Beyond character representation in video games

I’m lucky that the Queerness and Games Conference is right by where I live, and has many fascinating talks on the subjects of queer theory, games studies, and game design.

QGCon logo

A major theme at the conference is the idea of going beyond mere character representation.  That is, a queer game doesn’t just mean having a character who is queer, or giving the player the choice of who to romance.  It could be about having queer themes, such as the theme of rebelling against the status quo.

Of course, me being me, I have a rather different style of thinking from most people at QGCon.  At QGCon, no one ever voices disagreement, and everyone is happy and constructive.  Who would ever want to discourage all these awesome but anxious creators by saying anything even mildly critical? But personally, I don’t feel like I have properly engaged in any subject until I have cast a critical eye upon it, and listed its disadvantages.  So this is the critical discussion of non-character representation that I wish I heard.

What is non-character representation?

“Non-character representation” is my own idea and term, not used by QGCon.  It contrasts with “character representation”, which is when a character or the player avatar is queer.  I’m primarily thinking of “thematic representation”, meaning that the game’s themes resonate with queer people. For example, a game about generational differences between boomers and millenials, that’s queer.  A game about a whale and seal (presumed couple) getting naked so they can swim around catching shooting stars, while controlled by two players (presumed couple), that’s queer.  These are real examples.

But QGCon also provided many examples of representation that is neither about queer characters nor queer themes.  For instance, the server structure of World of Warcraft allows for the existence of queer servers, and this would not happen with just any server structure.  Another example is characters who are not queer, but who display fanservice for queer players.  It’s well-known that video games tend to cater to a very narrow range of straight male desire, while the fanservice to straight women, gay men, lesbians, and aesthetically-inclined asexuals is much more limited and accidental.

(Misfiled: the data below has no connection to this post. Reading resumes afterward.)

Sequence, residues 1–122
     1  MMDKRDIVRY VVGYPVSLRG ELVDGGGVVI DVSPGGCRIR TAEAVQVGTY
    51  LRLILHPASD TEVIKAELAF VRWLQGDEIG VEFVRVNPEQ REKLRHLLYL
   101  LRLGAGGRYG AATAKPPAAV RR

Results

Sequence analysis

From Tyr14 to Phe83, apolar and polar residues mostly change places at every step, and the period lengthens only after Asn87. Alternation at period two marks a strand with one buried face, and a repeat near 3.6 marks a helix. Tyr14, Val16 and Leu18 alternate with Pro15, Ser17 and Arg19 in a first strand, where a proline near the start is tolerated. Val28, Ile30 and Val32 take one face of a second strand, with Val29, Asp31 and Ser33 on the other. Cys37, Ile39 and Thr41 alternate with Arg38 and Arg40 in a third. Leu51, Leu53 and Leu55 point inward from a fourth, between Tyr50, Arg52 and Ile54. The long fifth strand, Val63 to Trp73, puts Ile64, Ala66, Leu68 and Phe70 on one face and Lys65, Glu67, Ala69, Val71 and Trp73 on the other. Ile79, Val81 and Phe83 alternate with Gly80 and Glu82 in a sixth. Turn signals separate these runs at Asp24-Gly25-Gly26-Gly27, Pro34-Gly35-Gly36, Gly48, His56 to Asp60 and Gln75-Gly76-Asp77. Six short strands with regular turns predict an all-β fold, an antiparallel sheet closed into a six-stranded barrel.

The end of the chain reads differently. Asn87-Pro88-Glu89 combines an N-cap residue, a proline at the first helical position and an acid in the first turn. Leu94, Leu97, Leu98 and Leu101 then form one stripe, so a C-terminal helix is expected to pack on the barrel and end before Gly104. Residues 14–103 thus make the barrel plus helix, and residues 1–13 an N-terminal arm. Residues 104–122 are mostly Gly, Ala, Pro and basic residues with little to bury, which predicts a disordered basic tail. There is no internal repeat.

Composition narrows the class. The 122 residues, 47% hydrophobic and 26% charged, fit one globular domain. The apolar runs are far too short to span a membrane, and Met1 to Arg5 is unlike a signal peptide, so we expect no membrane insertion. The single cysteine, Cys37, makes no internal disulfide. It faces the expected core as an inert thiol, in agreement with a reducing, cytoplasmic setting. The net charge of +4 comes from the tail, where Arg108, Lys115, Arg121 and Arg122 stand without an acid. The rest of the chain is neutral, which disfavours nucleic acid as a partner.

I have no intention of framing it as a dichotomy.  There are probably lots of kinds of queer representation which are difficult to categorize.  For instance, one person suggested a character in the world of pokemon who is completely interested in pokemon, as a metaphor for asexuality.  Is that character or non-character representation?  It doesn’t really matter since it’s not meant to be a complete classification.

Advantages and disadvantages of thematic representation

Advantage: Character representation tends to not really represent everybody.  The characters tend to depict only the most well-known groups (e.g. gay men are much more common than asexual women).  They also tend to rely on stereotypes which many people don’t relate to.

Disadvantage: Thematic representation also doesn’t really represent everybody either.  For example, with respect to asexuality, people discussed the idea of portraying forms of intimacy beyond just sexual intimacy.  While the idea of nonsexual intimacies is resonant with many asexuals, it should be unsurprising that asexuals are also incredibly diverse in their approaches to intimacy.  For many aces, it doesn’t make sense to frame intimacy as one of their goals at all, but they will try that framing anyway to conform to dominant frameworks.

Disadvantage: Character representation is easy.  Just make a character queer, and you’re done.  People at QGCon acted like being easy and straightforward is a bad thing, and I completely disagree.